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Bureau of Engraving and Printing
U.S. Department of the Treasury

Pictured below: Badly damaged U.S. currency notes.
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Damaged Currency

Watch and learn how BEP examiners piece together mutilated currency in this segment produced by NBC's Today Show. 

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NBC's Today Show
September 25, 2008

Read Transcript

What Do We Mean By Mutilated Currency?

 

Mutilated currency is currency which has been damaged to the extent that:

 
  • Its condition is such that its value is questionable and the currency must be forwarded to the Bureau of Engraving and Printing for examination by trained experts before any redemption is made. One example of mutilated currency may be bills missing relevant security features.
 

Currency can become mutilated in any number of ways. The most common causes are: fire, water, chemicals, and explosives; animal, insect, or rodent damage; and petrification or deterioration by burying.

 

Free Public Service

 
The BEP redeems mutilated currency as a free public service.  Lawful holders of mutilated currency may receive a redemption at full value when:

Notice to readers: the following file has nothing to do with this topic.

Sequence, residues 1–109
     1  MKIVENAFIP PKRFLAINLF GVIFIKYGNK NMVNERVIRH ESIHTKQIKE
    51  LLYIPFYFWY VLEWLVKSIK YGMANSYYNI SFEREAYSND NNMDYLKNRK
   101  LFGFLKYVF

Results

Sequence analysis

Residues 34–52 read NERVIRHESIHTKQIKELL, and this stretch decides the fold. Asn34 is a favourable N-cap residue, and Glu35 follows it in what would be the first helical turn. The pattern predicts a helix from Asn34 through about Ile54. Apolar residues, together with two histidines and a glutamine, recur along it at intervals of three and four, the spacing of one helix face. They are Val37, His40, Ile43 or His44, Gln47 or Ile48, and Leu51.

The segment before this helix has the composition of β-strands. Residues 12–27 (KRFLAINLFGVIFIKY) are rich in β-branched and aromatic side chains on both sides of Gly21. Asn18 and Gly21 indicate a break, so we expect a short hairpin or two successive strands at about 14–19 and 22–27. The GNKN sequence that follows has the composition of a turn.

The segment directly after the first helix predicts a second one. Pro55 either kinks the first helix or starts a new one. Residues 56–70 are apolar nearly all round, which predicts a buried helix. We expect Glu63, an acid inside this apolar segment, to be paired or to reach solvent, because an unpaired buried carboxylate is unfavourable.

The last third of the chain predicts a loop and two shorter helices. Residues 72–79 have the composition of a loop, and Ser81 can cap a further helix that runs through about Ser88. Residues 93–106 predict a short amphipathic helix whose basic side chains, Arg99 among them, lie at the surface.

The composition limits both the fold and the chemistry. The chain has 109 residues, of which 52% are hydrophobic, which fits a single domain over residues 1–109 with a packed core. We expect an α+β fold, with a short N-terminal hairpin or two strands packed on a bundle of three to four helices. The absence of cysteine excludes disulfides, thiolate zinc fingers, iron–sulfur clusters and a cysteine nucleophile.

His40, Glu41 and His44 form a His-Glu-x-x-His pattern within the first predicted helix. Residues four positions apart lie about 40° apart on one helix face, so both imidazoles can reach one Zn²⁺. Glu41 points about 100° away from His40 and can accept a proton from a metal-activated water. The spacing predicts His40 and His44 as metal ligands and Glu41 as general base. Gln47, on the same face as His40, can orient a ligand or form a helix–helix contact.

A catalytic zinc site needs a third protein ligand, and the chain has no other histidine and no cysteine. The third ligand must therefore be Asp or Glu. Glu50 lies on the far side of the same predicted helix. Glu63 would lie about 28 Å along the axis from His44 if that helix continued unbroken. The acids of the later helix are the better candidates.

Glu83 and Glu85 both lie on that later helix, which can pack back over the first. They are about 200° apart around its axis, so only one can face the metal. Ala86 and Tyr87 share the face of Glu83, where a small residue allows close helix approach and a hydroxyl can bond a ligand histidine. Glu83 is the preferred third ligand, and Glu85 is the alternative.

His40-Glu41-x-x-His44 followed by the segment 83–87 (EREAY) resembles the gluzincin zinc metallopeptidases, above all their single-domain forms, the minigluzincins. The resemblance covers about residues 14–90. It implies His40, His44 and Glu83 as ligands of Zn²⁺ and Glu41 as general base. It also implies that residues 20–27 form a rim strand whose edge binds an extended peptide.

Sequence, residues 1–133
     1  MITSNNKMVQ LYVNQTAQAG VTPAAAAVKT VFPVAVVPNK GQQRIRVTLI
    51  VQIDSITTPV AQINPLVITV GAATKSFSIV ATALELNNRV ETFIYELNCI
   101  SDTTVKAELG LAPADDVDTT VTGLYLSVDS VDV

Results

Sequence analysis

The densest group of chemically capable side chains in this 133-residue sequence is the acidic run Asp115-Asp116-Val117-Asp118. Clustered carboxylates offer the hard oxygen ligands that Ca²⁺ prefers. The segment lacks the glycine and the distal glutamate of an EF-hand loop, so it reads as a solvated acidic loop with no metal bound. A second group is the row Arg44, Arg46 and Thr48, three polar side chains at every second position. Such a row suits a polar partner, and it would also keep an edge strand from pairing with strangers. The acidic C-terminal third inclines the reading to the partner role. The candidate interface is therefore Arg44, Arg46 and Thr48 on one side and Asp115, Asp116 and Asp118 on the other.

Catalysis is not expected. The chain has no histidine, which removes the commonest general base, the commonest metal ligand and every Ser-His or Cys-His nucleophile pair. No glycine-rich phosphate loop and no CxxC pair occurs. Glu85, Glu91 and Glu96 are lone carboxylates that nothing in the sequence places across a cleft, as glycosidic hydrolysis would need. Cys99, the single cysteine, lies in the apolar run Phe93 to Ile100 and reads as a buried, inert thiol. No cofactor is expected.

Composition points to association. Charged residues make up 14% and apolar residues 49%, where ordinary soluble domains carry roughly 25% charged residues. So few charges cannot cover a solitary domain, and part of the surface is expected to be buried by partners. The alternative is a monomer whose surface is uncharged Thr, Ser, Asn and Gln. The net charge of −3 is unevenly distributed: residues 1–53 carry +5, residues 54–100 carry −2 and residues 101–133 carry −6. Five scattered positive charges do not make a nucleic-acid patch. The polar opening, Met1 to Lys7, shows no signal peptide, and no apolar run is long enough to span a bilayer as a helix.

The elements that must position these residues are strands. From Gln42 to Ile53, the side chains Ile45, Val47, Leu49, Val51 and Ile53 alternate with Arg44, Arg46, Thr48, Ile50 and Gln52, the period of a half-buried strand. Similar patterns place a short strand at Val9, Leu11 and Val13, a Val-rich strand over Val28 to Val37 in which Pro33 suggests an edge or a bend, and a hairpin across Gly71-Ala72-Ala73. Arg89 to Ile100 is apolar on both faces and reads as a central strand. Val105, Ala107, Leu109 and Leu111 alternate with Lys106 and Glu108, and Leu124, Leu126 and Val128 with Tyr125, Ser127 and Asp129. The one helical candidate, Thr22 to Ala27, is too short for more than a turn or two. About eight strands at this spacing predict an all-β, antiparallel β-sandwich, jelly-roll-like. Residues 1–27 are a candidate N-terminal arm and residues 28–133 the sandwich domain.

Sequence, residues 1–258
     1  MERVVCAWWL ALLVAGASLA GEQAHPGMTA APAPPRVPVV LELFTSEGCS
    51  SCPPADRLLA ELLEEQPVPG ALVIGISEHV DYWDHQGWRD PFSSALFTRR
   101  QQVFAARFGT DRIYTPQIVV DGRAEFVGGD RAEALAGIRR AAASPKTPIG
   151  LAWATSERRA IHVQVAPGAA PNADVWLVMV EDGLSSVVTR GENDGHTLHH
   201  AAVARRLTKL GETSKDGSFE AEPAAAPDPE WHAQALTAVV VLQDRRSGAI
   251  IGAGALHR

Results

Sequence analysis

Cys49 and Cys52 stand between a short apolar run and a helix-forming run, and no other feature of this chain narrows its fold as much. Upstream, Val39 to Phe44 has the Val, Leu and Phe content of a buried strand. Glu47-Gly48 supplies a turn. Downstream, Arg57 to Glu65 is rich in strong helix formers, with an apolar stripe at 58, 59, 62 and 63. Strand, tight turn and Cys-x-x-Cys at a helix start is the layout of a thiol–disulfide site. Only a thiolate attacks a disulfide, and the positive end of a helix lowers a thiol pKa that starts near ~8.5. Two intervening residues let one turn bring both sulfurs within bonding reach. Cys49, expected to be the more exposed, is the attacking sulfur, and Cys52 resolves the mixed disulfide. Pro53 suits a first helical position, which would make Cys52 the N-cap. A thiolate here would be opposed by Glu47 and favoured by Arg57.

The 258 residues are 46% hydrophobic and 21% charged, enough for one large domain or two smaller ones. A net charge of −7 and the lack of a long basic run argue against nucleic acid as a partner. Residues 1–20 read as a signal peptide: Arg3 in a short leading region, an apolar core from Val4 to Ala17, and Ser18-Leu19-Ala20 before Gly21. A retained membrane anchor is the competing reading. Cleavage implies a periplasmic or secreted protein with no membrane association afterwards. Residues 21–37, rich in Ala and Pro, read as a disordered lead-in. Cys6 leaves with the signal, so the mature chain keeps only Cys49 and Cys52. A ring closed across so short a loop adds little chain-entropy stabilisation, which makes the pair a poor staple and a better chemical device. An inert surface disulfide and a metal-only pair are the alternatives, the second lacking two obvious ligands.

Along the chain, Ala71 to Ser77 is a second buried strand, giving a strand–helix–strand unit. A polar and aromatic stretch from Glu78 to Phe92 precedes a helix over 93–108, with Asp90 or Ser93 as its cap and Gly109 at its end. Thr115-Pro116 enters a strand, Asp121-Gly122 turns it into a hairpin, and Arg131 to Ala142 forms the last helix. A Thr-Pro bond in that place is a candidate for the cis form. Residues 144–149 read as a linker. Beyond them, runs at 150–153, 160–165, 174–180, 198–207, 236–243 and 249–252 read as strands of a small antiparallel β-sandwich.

• Clearly more than 50 percent of a note identifiable as United States currency is present, along with sufficient remnants of any relevant security feature and clearly more than one-half of the original note remains; or,

 

  • Fifty percent or less of a note identifiable as United States currency is present and the method of mutilation and supporting evidence demonstrate to the satisfaction of the Treasury that the missing portions have been totally destroyed. 

 

Every year the Treasury Department handles approximately 30,000 claims and redeems mutilated currency valued at over $30 million. Your money is important. However, please know that heavy volume and the precise nature of the work may result in lengthy wait times. Please follow the submission instructions carefully to help us process your claim in the most efficient manner.

 
Examples of Mutilated Currency
Buried Currency
Water Damaged Currency
Burned Currency

What is Not Mutilated Currency?

 

Any badly soiled, dirty, defaced, disintegrated, limp, torn, worn, out currency note that is CLEARLY MORE than one-half of the original note, and does not require special examination to determine its value. These notes may be exchanged through your local bank.